World's Fair

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It’s election time again and, as is the norm, we see teachers using the opportunity to talk to their students about things such as Prime Ministers, parliaments, senates, and, well, basically – how this thing we call the “Canadian Government” is meant to work. My own daughter who is in Grade 4 is in such…

I just noticed that there’s a workshop being offered from June 13th to June 18th, 2011, in Vancouver, Canada, that provides technical and hands-on training for “scientists and non-scientists interested in human cloning.” This course has a price tag of $1400 (does not include transportation, room and board) and apparently provides the following: “This professional…

SciArt on the Bayou

The chair of the Theatre Dept. here at LSU and I have begun co-producing a new “SciArt Conversation Series” here at LSU — where we get scientists and artists on stage together at the same time for informal presentations of their work. We are trying to pick combinations that have some sort of real or…

(Reprinted from Boingboing) Access to life-saving medicines is not a luxury, but a human right. ~Canadian HIV/AIDS Legal Network To me, the above statement is one of those things that sound like a no-brainer. Put another way, if I were to ask you whether you thought a person’s income should determine whether they live or…

A physicist friend of mine recently lent me a copy of Harry Frankfurt’s “On Bullshit“, which purports to be the only ever philosophical analysis of “bullshit”. This former essay turned teeny tiny hardback book reaches such profound conclusions as: 1) bullshit is sort of like humbug, only more excremental; 2) bullshit is worse than lying,…

Okay, after a long, long gap (on the blogosphere timescale) and/or almost zero elapsed time (by scientific literature standards), we’re going to attempt to wrap up this mini-series on heat capacity effects in biology. Parts 1 and 2 are here and here, respectively. So: How do you know if your reaction has a heat capacity…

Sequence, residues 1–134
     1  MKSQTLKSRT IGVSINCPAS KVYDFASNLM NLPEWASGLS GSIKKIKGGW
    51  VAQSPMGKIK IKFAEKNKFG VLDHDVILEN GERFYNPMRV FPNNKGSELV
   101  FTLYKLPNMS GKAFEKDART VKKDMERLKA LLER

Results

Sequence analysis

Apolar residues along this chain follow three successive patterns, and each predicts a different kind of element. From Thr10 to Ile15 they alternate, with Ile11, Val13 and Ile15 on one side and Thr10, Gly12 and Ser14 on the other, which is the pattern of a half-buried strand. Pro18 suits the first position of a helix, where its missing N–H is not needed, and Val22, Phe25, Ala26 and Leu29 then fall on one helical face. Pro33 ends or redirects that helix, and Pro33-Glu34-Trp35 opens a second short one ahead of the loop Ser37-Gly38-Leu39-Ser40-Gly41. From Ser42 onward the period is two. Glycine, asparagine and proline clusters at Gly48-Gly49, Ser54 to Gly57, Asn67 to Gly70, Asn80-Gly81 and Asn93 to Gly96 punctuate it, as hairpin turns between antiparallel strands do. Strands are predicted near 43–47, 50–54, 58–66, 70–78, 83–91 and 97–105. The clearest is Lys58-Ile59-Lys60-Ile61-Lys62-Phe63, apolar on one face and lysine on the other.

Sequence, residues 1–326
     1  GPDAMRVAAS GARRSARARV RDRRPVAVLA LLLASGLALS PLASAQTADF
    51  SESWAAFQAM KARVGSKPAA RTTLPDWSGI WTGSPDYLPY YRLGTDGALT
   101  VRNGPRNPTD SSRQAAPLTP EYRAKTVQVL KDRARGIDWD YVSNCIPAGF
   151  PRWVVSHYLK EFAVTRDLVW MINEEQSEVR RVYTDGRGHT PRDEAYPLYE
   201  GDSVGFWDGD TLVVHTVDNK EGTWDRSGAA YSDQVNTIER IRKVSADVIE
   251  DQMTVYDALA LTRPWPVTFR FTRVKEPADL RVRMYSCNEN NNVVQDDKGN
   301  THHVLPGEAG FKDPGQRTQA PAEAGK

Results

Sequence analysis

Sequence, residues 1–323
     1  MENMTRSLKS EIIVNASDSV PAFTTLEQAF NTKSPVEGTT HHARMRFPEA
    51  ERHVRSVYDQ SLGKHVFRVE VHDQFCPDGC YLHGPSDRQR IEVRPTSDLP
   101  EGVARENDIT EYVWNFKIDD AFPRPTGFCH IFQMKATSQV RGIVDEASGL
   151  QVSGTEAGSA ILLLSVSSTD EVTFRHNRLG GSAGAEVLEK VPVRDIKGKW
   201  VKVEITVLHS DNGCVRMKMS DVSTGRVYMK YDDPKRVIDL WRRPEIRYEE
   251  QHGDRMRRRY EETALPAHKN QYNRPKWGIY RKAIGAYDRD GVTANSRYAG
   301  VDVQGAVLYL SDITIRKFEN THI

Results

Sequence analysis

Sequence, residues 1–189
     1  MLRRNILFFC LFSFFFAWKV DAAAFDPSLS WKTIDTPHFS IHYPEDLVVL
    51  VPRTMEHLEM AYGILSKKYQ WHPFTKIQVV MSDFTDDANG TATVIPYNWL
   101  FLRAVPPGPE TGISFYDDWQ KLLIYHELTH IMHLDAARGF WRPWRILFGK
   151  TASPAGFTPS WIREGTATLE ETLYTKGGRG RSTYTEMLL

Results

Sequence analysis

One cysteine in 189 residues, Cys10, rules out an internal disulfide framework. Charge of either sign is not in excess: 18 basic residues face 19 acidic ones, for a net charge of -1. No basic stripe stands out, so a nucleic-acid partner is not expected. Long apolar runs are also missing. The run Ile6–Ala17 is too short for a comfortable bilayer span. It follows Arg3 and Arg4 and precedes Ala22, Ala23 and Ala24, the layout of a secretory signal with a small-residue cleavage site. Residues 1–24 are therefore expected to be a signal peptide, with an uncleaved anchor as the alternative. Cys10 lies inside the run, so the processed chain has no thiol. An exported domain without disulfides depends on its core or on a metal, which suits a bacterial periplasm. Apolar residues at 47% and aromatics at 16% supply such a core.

I’ve been strangely fascinated by the “arsenic-eating” and maybe “arsenic-utilizing’ bacteria report from NASA researchers and the so-called “backlash” (“arsenic-gate”) in the blogosphere. Many others have posted on this topic. What I’ve found most interesting is that there seem to be several parallel and barely intersecting universes: 1) the scientific literature, 2) the traditional media,…

Although I can’t remember where I saw “play with duct tape” on the list of learning objectives, I figured it would be cool to make a paper pinball machine with the kids – it’s kind of “educational.” (right?). Anyway, this ended up being a lot of fun, and (if I do say so myself) our…

Crickets chirping and Collider Whales

Sorry it’s been a bit quiet here lately. Things have been busy at the museum, and I’ve also been writing in other places. In particular, These days I’m a guest blogger at Boing Boing, and on top of that, I’m also having fun starting a children’s novel. This novel has a mouthful of a title,…

Just a quick note for you Brits out there (and specifically Londoners I guess). Tonight (Sept 24th), the Natural History Museum is hosting a “Science Uncovered” evening, whereby scientists and staff from various departments will be on hand. As well, there will be a place where cocktails can be purchased, which will probably make all…